Stiff prose of an anxious era
by Robert Fulford

(The National Post, 19 February 2005)

After all these years, the editors of The New York Times believe we still have Eskimos in Canada. They don't know that three decades ago Ottawa moved them out, terminologically, and replaced them with Inuit. I began thinking about this difference in language when my eye fell on a Times heading, "Eskimos Fret as Climate Shifts," over a story on the Canadian Arctic. Reporters sometimes mention that Canada calls them Inuit, but in the headlines they remain Eskimos.

Outside Canada, it's hard to find support for what Canadians apparently consider a serious moral principle: Don't call anyone an Eskimo. The Canadian Encyclopedia classifies "Eskimo" as a pejorative because in Algonquin it means "eaters of raw meat." That's the common explanation, but no one explains what's wrong with eating raw meat. And lately (this just in) a fresh complication has appeared: The Alaska Native Language Center says linguists nowadays think that "Eskimo" actually comes from an Ojibwa word meaning "to net snowshoes." Is that also an insult?

The bureaucrats who promoted this change in terminology believed they were righting a historic wrong. In the 1970s, when I used the word "Eskimo" in a piece to be printed by the government, they set me straight. I said I thought Inuit sounded affected. They said "Eskimo" was as bad as "nigger." I retreated.

We all hope to write language as transparent as a well-scrubbed windowpane, so that thought shines through like the morning sun. But words are often the muddied, complex results of lobbying. They are freighted with messages, intended and otherwise.

Language chosen carelessly can be damaging, but excessive anxiety produces stiff, nervous prose. There are writers so eager to be fair that they speckle their paragraphs with "he/she" and "his/her," terms that string barbed wire between writer and reader.

When acute language sensitivity becomes ingrained in journalists they try desperately to avoid saying what they mean. On Feb. 9 the Times reported on a donor whose presence at a fund-raiser embarrassed Bill and Hillary Clinton. The reporter twice referred to this man's "troubled past," a perfect euphemism. As the story eventually explained, he had served 42 months for cocaine possession and major financial fraud.

Euphemisms come into play because organizations or individuals seek image-upgrading or rebranding. But a euphemism wears out its value and may have to be erased quickly. "Displaced Person" was the neutral 1940s term for an immigrant from a refugee camp. In the mouth of Canadian-born bigots, "DP" quickly turned into a pejorative and had to be dropped. A substitute term, New Canadians, soon became cloying and disappeared.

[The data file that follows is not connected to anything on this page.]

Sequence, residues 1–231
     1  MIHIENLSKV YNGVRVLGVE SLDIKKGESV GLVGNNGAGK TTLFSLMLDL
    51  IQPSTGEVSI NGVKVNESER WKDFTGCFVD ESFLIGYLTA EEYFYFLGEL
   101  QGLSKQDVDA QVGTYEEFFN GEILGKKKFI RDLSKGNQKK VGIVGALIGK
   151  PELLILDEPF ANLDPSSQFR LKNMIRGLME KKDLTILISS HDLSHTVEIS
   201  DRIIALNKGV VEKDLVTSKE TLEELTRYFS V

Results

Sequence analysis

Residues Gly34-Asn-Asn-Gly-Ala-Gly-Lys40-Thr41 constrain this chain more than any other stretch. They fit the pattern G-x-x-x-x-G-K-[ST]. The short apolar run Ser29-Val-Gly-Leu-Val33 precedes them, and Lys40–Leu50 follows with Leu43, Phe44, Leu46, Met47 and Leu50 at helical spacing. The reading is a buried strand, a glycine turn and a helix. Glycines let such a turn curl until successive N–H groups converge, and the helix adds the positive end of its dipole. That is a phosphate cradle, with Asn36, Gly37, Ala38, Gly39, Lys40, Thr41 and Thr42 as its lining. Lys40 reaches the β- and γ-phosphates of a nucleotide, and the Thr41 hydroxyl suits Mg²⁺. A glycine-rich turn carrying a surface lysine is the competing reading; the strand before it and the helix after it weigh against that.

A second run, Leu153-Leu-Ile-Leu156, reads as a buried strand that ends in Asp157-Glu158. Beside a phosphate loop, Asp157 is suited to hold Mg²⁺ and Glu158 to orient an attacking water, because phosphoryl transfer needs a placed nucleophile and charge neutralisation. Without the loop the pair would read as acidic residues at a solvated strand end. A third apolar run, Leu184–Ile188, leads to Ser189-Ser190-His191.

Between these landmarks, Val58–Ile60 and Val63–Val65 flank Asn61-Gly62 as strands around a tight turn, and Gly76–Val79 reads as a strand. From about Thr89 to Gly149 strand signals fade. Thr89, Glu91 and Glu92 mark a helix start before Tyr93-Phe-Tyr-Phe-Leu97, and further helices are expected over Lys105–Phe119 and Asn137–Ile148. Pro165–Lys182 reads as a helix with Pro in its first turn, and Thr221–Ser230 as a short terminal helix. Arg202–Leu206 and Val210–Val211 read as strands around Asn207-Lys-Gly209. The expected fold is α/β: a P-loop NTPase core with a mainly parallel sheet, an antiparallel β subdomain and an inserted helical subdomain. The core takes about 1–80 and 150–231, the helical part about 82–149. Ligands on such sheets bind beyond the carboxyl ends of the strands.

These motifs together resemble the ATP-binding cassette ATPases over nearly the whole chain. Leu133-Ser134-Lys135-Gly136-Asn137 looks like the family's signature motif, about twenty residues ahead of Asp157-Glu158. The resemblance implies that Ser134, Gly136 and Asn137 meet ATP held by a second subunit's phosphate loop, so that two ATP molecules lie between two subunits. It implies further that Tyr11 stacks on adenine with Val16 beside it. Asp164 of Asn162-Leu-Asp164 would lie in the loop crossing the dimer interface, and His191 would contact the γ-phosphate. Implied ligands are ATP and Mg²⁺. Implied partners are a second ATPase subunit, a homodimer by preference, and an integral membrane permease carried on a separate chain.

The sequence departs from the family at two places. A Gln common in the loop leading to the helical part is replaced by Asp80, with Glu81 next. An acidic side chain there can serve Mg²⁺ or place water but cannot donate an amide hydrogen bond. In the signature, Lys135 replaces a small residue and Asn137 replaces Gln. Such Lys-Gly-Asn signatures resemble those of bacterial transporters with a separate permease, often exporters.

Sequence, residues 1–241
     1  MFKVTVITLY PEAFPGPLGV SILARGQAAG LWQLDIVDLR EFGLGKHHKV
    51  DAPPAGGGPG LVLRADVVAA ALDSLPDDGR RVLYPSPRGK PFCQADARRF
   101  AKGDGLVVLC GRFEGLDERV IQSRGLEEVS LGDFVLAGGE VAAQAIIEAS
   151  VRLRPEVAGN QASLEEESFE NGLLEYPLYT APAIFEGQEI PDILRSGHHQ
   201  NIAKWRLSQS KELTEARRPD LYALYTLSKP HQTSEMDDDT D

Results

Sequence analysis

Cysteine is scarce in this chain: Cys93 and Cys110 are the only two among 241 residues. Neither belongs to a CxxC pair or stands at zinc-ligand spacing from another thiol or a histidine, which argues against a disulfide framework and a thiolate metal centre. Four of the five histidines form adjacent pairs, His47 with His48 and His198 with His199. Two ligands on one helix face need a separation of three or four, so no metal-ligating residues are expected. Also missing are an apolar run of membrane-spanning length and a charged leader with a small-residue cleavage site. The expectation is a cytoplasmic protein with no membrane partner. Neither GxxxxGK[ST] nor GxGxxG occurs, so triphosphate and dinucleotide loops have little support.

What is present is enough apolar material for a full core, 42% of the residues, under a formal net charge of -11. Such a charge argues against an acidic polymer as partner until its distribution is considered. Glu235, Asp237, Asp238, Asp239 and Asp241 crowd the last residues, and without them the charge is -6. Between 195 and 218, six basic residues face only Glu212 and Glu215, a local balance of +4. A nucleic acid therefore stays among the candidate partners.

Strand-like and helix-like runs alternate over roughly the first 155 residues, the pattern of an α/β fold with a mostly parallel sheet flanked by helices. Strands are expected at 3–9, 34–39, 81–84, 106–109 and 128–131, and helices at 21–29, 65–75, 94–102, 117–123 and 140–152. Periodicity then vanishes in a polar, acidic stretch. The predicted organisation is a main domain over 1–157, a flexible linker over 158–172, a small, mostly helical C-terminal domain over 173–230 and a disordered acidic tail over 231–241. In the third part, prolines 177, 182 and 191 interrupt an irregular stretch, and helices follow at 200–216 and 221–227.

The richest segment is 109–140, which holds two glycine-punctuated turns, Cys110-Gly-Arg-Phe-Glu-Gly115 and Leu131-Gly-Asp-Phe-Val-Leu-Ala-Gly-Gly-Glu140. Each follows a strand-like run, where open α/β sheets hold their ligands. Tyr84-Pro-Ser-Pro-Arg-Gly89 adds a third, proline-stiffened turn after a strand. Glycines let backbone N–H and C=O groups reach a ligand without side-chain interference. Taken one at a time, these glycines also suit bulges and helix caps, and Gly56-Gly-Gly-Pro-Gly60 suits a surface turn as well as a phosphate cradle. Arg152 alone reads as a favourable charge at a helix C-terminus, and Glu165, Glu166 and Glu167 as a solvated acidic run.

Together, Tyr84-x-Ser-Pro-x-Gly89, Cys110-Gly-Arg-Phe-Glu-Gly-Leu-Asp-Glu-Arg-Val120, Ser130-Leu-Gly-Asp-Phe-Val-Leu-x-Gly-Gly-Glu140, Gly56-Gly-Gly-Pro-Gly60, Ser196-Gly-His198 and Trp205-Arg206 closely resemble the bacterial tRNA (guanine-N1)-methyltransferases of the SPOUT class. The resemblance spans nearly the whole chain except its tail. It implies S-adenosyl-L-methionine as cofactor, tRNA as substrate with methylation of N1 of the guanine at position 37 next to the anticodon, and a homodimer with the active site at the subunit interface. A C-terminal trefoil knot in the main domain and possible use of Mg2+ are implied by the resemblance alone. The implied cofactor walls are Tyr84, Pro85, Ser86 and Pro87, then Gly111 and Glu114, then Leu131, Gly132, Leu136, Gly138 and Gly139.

The descendants of slaves in the U.S. were once routinely called "colored." Later the word "negro" became popular, and when capitalized as Negro it acquired, as Booker T. Washington argued, an enhanced dignity. But in the 1960s the black power movement decided it was a term imposed by whites. From now on, the same people would be called blacks and Negro would be an insult -- "sometimes taken to be offensive," Merriam-Webster now warns.

Each term expressed an era. If "colored" was a gentle request for tolerance, "Negro" demanded respect and "black" announced angry impatience. Then came "African-American."

It originated in the 19th century but wasn't proposed as the principal name for black Americans until the 1970s. In 1972 Ramona Edelin, president of the National Urban Coalition, suggested it be generally adopted. Acceptance grew slowly until 1988, when Jesse Jackson endorsed it at a news conference during his presidential campaign. "It puts us in our proper historical context," he argued. Many blacks agreed but many others have never accepted it. Since most journalists and politicians now use nothing else, it's become another instance of official language separating itself from the language of ordinary life.

And now the right to use "African-American" is contested. Last summer Alan Keyes, a black Republican running for the U.S. Senate in Illinois, suggested that his Democratic opponent, Barack Obama, might not be truly African-American. While Keyes is a descendant of slaves, and therefore shaped by that bitter history, Obama has a Kenyan father, which makes him crucially different.

Keyes is not alone. Many people sharing his background also share his views. Blacks who arrived in the U.S. after slavery ended, including immigrants from Africa, have become victims of clumsy language strategies. Their claim to be African-Americans having been questioned, they're not quite sure how to state their racial identity. They are Africans. They are Americans. But apparently they are not permitted to be African-Americans.

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